Elliot is a former farmer, unaccredited librarian, multi-farm CSA coordinator and programmer who was once struck by lightning on the second date of an otherwise unremarkable and ill-fated relationship. They survived an Appalachian mountain childhood through a steady diet of instructional nonfiction and speculative dystopian fiction, acquiring the skills and dreams necessary to cooperatively survive the coming apocalypse. They believe in the power of the written word to shape a better world, and Firestorm as a space in which community is an embodied practice. These days they're mostly reading about trauma recovery, anarchist theory, and plants.
We have a display copy of this deck and I couldn't stop touching it. The magnetic closure of the lid, the gold-on-black designs, are very satisfying. The guidebook describes the artist's orientation to Tarot without the "mysterious-guidance-from-the-universe" woo that I expect from Tarot, instead leaning into the usefulness of universal archetypes as tools for narrative introspection.
These cards are designed in the Rider-Smith-Waite tradition, modernized. Gentle ink and watercolor illustrations feature queer & diverse characters inhabiting evocative landscapes. The visual experience is compelling and familiar, if a bit twee. This is the perfect gift for the sarcastic punk in your life whose spiky exterior belies a gooey inside in need of a little magic.
Grounded in somatic theory (the body is inseperable from the self and reflects the beliefs & behavior patterns of the individual's lived experience and social context) as a framework for understanding social change, this book proposes community change as an embodied process which follows the same stages as embodied individual change. This is a deep dive, and I recommend it for anyone interested in social justice, community organizing, healing & recovery.
This concise guide draws from the author's decades of experience facilitating the inclusion of marginalized people in public spaces. Rather than only proposing structural policies, she details DIY strategies to prevent and shut down harassment. In the post-#MeToo era, we're all responsible for doing what we can to participate in the creation of safer, inclusive communities, whether we're attendees, organizers, or bystanders; and this text will show you how.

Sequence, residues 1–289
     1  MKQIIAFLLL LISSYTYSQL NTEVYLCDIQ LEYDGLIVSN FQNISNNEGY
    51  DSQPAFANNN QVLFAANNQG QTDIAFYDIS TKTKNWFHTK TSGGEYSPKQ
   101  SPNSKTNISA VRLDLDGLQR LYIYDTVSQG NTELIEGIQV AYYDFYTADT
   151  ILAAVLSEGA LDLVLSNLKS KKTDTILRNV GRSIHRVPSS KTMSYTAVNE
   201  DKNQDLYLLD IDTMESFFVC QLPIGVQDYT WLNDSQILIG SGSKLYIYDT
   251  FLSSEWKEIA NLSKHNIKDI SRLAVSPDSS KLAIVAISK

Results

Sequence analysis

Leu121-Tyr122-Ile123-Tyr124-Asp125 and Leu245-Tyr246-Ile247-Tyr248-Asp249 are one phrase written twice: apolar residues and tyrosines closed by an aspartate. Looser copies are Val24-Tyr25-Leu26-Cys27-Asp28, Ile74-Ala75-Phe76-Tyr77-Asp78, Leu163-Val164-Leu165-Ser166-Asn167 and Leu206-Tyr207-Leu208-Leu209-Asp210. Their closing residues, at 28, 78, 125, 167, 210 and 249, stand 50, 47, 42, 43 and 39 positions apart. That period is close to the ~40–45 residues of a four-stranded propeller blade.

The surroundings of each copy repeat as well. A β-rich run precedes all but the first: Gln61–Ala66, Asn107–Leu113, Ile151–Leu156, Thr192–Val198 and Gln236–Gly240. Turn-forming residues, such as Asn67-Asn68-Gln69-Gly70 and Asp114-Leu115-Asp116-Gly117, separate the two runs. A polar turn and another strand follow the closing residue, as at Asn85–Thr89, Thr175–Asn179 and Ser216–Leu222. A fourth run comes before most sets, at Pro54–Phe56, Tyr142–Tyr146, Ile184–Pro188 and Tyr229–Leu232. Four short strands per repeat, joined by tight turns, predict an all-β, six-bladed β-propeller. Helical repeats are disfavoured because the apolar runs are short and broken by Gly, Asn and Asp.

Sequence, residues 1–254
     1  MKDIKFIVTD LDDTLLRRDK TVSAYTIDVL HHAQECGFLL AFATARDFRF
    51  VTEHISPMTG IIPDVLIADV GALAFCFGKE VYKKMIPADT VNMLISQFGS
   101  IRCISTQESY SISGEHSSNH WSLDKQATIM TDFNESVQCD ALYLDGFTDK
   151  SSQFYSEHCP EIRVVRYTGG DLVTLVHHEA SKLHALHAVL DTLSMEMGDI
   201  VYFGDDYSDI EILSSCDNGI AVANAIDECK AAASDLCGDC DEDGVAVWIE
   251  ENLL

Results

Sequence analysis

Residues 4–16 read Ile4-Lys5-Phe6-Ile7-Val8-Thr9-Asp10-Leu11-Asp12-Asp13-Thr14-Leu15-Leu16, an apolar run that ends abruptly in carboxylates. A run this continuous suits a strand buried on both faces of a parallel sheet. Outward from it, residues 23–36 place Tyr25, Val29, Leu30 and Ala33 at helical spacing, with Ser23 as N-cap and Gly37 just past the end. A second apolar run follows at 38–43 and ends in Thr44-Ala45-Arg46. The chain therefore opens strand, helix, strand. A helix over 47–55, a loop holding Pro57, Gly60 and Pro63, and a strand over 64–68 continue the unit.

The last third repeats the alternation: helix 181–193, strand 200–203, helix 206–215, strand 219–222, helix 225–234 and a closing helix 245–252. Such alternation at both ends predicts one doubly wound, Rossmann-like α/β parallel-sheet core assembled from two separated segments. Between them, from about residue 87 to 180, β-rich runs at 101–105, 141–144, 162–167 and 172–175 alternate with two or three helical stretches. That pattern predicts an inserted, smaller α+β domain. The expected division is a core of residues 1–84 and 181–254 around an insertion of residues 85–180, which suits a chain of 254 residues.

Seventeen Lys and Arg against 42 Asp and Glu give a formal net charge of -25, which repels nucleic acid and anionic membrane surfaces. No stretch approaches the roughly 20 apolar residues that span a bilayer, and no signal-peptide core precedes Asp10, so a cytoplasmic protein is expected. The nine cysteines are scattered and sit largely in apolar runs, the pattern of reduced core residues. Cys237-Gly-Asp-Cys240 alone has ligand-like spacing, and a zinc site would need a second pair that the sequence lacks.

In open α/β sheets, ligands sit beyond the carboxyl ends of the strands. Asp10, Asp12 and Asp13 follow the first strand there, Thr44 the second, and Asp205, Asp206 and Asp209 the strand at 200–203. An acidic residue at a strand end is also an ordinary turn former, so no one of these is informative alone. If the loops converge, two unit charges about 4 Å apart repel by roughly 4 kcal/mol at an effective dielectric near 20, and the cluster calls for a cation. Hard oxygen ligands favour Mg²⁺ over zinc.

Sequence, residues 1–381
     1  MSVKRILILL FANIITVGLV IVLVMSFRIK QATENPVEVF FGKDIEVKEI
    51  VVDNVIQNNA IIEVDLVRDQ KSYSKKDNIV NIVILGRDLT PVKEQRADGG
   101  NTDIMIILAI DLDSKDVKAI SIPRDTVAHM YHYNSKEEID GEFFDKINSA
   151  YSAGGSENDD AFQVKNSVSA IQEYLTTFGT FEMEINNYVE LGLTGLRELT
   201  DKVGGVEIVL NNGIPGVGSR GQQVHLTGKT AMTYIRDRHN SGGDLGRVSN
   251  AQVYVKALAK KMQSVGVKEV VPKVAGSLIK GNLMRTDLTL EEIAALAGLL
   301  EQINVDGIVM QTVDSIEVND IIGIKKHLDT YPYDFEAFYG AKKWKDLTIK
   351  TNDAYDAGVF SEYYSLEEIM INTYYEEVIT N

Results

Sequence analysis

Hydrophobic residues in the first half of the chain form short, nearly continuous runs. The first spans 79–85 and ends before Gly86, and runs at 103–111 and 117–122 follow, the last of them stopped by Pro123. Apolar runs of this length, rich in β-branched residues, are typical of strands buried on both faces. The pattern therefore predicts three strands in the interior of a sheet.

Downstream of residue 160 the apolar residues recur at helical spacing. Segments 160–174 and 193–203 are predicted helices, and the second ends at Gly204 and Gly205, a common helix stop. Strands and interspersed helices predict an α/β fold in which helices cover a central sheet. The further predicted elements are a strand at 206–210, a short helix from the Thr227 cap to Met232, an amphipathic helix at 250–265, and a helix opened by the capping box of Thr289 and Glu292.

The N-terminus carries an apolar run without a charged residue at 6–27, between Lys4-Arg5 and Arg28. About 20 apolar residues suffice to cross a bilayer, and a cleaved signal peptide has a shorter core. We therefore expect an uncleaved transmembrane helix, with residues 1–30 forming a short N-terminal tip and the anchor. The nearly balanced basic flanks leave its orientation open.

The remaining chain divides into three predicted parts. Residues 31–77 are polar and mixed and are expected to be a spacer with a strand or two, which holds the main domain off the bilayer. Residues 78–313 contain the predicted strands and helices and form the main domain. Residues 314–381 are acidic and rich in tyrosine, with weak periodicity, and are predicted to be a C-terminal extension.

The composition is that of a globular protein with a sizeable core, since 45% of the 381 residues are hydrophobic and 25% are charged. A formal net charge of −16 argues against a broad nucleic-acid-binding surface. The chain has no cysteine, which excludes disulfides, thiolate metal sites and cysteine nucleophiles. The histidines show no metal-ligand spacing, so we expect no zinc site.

Walkaway describes the post-capitalist future of our dreams, and lays a path for the appropriate use of technological innovations to facilitate equitable lives and communities. If you're a programmer, you'll be delighted by the inside jokes: if you're not, read it anyway to join in the collective imagining of a better world. Doctorow fiercely believes in the beauty that is possible within decay, in the love that is fully felt when letting go. As we consider the shapes of our lives in the coming years and decades, with environmental and social collapse bearing down upon us all, it's essential that we temper our despair with artful visions; especially the ones, like Walkaway, that explore the cultural and moral changes necessary to our survival.
This concise and accessible zine is critical of responses to rape, sexual assault and intimate partner violence from the criminal justice system. In discussion of alternatives, it describes in the foundations of Transformative Justice as it applies to these violations, and gives the same care and attention to theory and practices of survivor-led direct action. Although written for anarchist communities, this is essential reading for anyone interested in community accountability.